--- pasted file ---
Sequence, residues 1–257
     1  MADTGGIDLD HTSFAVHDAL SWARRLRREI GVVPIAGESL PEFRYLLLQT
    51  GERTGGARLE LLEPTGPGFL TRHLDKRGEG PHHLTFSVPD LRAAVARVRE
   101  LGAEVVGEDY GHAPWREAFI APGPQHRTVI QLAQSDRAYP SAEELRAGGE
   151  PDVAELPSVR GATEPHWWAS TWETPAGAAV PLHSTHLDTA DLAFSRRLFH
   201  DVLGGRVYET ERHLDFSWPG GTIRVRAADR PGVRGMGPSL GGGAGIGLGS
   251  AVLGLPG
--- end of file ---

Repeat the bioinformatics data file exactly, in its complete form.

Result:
Sequence, residues 1–257
     1  MADTGGIDLD HTSFAVHDAL SWARRLRREI GVVPIAGESL PEFRYLLLQT
    51  GERTGGARLE LLEPTGPGFL TRHLDKRGEG PHHLTFSVPD LRAAVARVRE
   101  LGAEVVGEDY GHAPWREAFI APGPQHRTVI QLAQSDRAYP SAEELRAGGE
   151  PDVAELPSVR GATEPHWWAS TWETPAGAAV PLHSTHLDTA DLAFSRRLFH
   201  DVLGGRVYET ERHLDFSWPG GTIRVRAADR PGVRGMGPSL GGGAGIGLGS
   251  AVLGLPG